Nationalism naturally hurts international relations; paradoxically, however, it hurts Americans as well. An important consideration after “vaccine nationalism” is the distribution of vaccines within American borders. And if the trends in resource distribution in the past are any indicator, such as with the H1N1 vaccine in 2009, there will be widespread disparities across income and race.

There are arguable perks to nationalism: solidarity, sense of community, willingness to sacrifice for the betterment of the whole. But America isn’t reaping these effects, because the nationalism displayed on a global level doesn’t translate to unity on a local scale. In some cases, people don’t want to wear masks or maintain social distancing as long as the urging is from the opposing political party. 

The irony is that due to increased nationalism, there is more discordance in the response to the pandemic. There is an ‘us vs them’ mentality that can cause individuals to alienate those that diverge from their worldviews, whether it be between political parties, races, or other dividers. What’s more, U.S. Secretary of Health and Human Services Alex Azar told Congress in February that the government would not intervene to ensure any vaccine’s affordability, leaving people and communities on their own to obtain vaccines.

Tribal communities, for example, have faced centuries of systemic maltreatment. Broken infrastructure for running water and electricity, limited health services, and poor food networks all contribute to the spread of Covid-19 in indigenous communities. In his article on Insider, Tyrone Whitehorse, a member of the Diné Nation (or Navajo Nation) from Lechee, Arizona writes, “…we lack many of the resources that the rest of the country has. It’s challenging to follow public health guidelines against such systemic disparities.” For months into the pandemic, Native demographics were excluded in COVID-19 data collections. Undercounting limited federal support, with much aid coming from grassroots relief groups within tribes.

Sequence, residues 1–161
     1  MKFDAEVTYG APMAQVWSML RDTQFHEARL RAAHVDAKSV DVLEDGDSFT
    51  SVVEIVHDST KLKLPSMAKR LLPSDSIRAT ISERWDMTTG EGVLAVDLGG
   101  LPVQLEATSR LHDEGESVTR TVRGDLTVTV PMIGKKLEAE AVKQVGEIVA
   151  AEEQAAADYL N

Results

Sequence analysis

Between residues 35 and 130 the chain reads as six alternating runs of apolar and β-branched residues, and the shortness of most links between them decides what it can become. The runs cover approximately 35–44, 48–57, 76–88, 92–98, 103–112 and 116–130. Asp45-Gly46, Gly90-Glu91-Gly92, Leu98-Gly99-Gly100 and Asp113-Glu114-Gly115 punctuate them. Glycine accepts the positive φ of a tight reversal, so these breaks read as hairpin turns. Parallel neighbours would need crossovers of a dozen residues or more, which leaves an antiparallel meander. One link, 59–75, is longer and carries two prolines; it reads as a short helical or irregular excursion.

Immigration detention centers also highlight this otherism. They will not be considered to receive America’s initial vaccines. Past the detention centers, undocumented immigrants also face undue dangers. On February 24, 2020, a new “public charge” rule came into effect, stating: “aliens are inadmissible to the United States if they are unable to care for themselves without becoming public charges.” While the U.S. Citizen and Immigration Services (USCIS) Public Charge has since written on its web page that seeking COVID-19 treatment “will not negatively affect any alien,” the Trump administration has escalated actions against undocumented immigrants and border security. 

Prison populations are another group that may be excluded from an initial vaccine. According to a CDC receipt after the 2009 H1N1 outbreak, over half of US jails did not receive H1N1 vaccines when they became available. 

It’s important to recognize the disparate impacts that the coronavirus has between differing populations—in the world, but even more so within one country. On a practical level, the diverse demographics in a state like Arizona must all be considered for mass vaccine distribution to create herd immunity. But more significantly, the disproportionate harm a pandemic has on minority groups reveals vulnerabilities in the unity and support of a country. If nationalism is rising, we should be careful to not protect only a subgroup of “American,” and focus on bettering the whole nation.